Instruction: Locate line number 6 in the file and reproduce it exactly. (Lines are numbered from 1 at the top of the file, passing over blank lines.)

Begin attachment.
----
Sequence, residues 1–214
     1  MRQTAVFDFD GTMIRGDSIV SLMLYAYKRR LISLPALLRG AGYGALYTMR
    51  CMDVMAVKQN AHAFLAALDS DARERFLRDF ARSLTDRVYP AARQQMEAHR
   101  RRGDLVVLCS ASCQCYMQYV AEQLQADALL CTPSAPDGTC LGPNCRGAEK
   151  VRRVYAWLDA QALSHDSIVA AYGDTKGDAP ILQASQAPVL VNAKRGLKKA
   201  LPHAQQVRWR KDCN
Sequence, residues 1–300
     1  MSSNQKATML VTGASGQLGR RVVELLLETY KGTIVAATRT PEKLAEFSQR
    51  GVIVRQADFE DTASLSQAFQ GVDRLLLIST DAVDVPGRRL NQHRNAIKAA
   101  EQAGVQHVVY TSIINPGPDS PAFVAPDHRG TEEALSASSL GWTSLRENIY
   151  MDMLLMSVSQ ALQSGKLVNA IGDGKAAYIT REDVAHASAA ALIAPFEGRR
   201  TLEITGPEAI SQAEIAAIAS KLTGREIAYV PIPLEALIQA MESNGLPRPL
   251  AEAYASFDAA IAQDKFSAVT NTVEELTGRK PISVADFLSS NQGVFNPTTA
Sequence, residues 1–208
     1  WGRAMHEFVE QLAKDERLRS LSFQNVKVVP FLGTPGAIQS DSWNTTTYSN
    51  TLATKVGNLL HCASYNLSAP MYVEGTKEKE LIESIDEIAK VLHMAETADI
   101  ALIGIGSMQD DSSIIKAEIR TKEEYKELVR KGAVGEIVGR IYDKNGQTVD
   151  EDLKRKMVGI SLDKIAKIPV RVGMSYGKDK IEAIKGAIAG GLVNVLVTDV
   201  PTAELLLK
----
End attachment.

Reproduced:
   201  LPHAQQVRWR KDCN